Employer Recruitment Advice

The Importance of Interview Technique

Interviews have been the hardest part of the hiring process throughout their history. It is estimated that a good percentage of staff turnover is caused by bad hiring decisions due to the cost to the company in the region of one-third of a new employee’s salary to recruit them, a manager’s time, and training. An interview will be a vital part of the selection procedure, and whilst other techniques such as psychometric testing or assessments may also be used, it is likely that the interview will determine who is successful. As such, don’t take chances with the interview, It is important to make sure where possible that the hiring choice made is the right one.

The best interview techniques for employers are challenging. Mistakes can compromise your judgement, from cognitive biases to lack of proper preparation, and they may have serious consequences.

You and your colleagues are sitting opposite a candidate who has stood out throughout your recruitment agency checks and the initial ‘CV sifts’. But now you’re at the interview stage how do you decide if they really are right for the job?

Learning how to conduct an interview is, therefore, essential.

With targeted interview techniques and questions of course. It’s the old HR saying again:

Ask right to hire right.

How to strengthen your interview objectives

As an interviewer your objectives should be laid out when you first recognise the need for a new employee for the position you looking to fill. Those objectives should be in line with your companies wider recruitment strategy, supporting your overall corporate strategy and goals.

Start by clearly laying out what you need, both now and according to your companies corporate strategy.

Ask yourself:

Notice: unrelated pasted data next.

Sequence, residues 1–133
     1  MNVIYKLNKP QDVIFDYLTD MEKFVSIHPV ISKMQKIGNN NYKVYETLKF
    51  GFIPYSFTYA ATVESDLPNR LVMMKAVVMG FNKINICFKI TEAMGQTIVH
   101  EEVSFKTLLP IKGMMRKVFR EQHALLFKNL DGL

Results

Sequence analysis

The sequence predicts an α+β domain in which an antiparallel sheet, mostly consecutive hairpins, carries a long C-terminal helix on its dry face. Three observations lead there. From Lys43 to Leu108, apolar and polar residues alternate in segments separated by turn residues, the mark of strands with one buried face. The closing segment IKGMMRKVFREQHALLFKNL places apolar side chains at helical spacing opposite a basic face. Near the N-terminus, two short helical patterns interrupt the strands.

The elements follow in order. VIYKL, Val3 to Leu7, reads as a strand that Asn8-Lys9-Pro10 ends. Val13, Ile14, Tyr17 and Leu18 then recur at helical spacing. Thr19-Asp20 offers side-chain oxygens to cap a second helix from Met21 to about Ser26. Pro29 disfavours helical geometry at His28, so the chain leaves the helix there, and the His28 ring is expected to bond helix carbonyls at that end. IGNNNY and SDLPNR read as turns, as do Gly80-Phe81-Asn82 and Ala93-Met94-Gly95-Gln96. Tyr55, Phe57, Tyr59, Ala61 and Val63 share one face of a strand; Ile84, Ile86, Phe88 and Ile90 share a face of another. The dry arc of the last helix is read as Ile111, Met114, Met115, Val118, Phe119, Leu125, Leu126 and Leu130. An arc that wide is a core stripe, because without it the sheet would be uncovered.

• What responsibilities will the role involve and what skills will be required to manage those responsibilities?
  • What soft skills does your current team have and what type of person will work well with them?
  • Are your expectation specifications realistic to the market and potential candidates available. If not, do you need to reconsider the job role, salary or benefits?
  • Is there a certain timeframe by which you need the new hire to start?

Once you’ve answered those questions, you should lay out your objectives so they fit a framework:

How to ask a candidate about their experience

Asking a candidate about their previous roles gives you the opportunity to dig a little deeper into their CV. You’ll want to understand how the candidate achieved those fantastic results for their previous company and what were the most valuable lessons they learnt. Dig deep about work durations, to confirm start and finish dates as well as the properties and the companies they worked for. This can pick-up any anomalies.

Possible example question”

“How do you stay up to date with industry trends? Please can you give me an example when staying current has helped you.”

This is a great interview question for employers looking to understand a candidate’s dedication to continuing professional development. Hopefully the candidate’s answer will demonstrate previous experiences where their techniques for self-learning have helped them stay on trend and succeed in their role.

“What has been your biggest career success?”

Here you’re looking to find out what the candidate considers to be their most important achievement – and whether they take into consideration the relevancy of this achievement to the role you’re hiring for. This sort of question can also help to boost the confidence of some candidates by giving them a topic that lets them shine and talk about the best work they’ve completed.